As the battle for Falluja goes on, the American military estimates 600 people, whom they describe as insurgents, have been killed as well as 18 US soldiers.
The American-led assault on the city is in its fifth day
BBC correspondent Paul Wood, embedded with US marines in Falluja, has been witnessing the action and gave this account to the BBC's Today programme.
Well it is no surprise that 600 have been killed - if indeed that figure is accurate.
The marines now are pushing out south of the main road.
The insurgents are believed to be confined to a narrow corridor which runs about 2km south of that road.
And the technique is literally to insert the ordinary marines - the grunts as they call themselves - wait until they draw fire and then hit back with everything they have got.
So you see a fleeting glimpse of one of the militants in the back of a room or jumping across a rooftop and then literally in the two hours I was out last night, thousands of rounds of ammunition are expended, tanks fire and the place is left in ruins.
This is the kind of pressure that the militants are under.
South of the main road now is where the main effort of the coalition forces is going to be concentrated over the next couple of days.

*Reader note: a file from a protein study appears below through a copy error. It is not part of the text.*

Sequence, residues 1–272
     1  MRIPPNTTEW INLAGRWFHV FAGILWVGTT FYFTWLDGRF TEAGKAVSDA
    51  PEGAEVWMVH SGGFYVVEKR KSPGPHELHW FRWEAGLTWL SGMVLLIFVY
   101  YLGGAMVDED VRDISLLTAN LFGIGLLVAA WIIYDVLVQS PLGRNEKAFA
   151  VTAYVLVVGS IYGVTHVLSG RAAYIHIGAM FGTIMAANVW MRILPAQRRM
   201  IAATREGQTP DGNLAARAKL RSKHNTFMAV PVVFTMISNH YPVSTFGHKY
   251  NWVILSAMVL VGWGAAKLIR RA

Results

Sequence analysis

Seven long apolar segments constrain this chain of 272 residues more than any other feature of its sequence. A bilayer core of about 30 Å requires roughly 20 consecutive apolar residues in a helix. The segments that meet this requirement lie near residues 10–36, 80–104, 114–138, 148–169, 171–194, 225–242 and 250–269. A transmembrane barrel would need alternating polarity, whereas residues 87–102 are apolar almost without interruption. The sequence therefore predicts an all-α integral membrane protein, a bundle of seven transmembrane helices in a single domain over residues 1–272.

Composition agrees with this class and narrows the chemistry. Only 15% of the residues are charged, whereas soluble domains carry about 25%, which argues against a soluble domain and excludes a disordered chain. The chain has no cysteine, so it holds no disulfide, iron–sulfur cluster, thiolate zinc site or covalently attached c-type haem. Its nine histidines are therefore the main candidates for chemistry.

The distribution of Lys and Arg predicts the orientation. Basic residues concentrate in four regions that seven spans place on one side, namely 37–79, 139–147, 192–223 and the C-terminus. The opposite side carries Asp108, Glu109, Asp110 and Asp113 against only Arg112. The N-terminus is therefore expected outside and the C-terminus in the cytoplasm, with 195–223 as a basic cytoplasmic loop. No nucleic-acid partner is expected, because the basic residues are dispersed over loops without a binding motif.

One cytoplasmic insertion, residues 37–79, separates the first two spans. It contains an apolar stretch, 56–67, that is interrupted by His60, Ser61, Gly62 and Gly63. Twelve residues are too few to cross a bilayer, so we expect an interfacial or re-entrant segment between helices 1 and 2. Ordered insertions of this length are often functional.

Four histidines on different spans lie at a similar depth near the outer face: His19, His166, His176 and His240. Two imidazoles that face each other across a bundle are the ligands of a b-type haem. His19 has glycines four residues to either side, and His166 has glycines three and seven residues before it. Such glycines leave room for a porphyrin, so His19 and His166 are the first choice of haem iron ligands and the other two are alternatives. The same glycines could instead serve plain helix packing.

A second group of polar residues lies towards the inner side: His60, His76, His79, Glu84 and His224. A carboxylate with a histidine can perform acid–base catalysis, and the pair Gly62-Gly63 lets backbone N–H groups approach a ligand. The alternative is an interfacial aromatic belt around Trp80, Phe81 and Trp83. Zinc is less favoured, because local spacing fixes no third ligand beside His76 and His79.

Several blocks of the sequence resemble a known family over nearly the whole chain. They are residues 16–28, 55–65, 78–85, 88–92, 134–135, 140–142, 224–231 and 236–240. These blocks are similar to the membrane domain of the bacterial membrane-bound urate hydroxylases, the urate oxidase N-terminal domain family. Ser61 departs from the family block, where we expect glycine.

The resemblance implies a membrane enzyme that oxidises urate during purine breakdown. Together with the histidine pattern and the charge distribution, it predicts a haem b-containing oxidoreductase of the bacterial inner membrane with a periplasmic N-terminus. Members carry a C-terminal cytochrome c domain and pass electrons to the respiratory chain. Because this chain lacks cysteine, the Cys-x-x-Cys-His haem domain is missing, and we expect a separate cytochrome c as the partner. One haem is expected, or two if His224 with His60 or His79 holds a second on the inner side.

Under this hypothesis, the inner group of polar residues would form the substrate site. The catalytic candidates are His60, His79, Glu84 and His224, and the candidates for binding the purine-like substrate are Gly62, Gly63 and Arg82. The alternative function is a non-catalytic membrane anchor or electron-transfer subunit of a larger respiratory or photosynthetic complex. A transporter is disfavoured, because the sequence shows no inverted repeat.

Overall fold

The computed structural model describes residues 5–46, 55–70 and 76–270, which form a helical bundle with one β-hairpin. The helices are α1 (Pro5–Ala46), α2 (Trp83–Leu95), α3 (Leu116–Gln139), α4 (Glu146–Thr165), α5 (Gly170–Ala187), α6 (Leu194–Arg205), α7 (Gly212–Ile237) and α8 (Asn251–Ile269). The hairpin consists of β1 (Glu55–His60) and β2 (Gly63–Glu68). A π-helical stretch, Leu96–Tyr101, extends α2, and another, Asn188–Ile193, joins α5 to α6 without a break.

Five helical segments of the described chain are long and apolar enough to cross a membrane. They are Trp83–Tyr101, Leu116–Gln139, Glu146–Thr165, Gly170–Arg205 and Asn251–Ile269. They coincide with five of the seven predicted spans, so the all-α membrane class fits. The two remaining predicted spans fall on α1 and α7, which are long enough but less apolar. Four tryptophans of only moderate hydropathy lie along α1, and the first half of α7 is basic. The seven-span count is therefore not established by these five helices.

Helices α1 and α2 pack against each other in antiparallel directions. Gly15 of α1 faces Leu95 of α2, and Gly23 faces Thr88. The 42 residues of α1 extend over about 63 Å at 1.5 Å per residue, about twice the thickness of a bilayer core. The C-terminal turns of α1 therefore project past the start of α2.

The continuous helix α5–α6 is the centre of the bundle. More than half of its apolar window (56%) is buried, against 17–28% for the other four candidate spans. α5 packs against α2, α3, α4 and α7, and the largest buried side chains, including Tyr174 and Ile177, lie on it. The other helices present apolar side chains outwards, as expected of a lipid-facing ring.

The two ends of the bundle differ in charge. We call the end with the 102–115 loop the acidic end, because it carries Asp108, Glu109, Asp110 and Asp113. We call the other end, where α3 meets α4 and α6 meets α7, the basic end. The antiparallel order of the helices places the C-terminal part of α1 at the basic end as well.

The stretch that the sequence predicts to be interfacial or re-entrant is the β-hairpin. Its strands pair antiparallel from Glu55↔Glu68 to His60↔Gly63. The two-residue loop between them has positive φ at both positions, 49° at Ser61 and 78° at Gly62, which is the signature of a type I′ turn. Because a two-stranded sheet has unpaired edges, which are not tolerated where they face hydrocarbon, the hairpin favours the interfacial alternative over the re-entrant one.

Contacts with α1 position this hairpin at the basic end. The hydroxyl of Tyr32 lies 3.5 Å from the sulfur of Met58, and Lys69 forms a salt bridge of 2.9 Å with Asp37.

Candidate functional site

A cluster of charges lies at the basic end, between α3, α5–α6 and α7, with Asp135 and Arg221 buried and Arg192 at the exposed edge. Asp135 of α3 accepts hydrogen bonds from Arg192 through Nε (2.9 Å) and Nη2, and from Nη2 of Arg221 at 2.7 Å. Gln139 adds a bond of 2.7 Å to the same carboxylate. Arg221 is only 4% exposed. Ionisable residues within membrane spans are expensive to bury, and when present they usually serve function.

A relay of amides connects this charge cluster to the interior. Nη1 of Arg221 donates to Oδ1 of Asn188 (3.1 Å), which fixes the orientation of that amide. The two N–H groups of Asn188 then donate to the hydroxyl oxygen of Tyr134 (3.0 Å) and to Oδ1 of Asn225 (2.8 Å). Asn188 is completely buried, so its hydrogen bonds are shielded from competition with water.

But it will be two days of very bitter, very difficult house-to-house and street-to-street fighting.
How many civilians have been killed - people who either have not left through choice or have been unable to leave - is the crucial question.
They can give general troop strength and casualty figures
They can report numbers of enemy POWs
They can give broad information about previous combat actions
Journalists cannot give specific details of locations
They cannot reveal the future plans of their unit
I suspect we will have to wait for a definitive answer until the smoke has literally cleared.
As an embedded reporter, I see literally what the military sees.
It is not particularly that the marines want to censor me but I am stuck with one unit and that is all I can see.
When the marines went through south of the main road last night, the streets - no surprise here - were absolutely deserted, the shops were shuttered.
One can only imagine the plight of the civilians.
I have questioned many times senior officers here about the use of heavy weapons because they have been using 155mm artillery in Falluja, they have been dropping 2,000 pound bombs.
The bullets that they fire are high velocity. The buildings are of poor construction here - the bullets travel through the walls.
[The marines] wait until they see a guy with a gun but when they see that, they open up with everything they've got
And when they see what they believe to be militants - and these marines are incredibly calm under fire, they are almost unflinching - they do wait until they see a guy with a gun but when they see that, they open up with everything they have got and the question is, how much collateral damage is there going to be?
At the moment we simply do not know.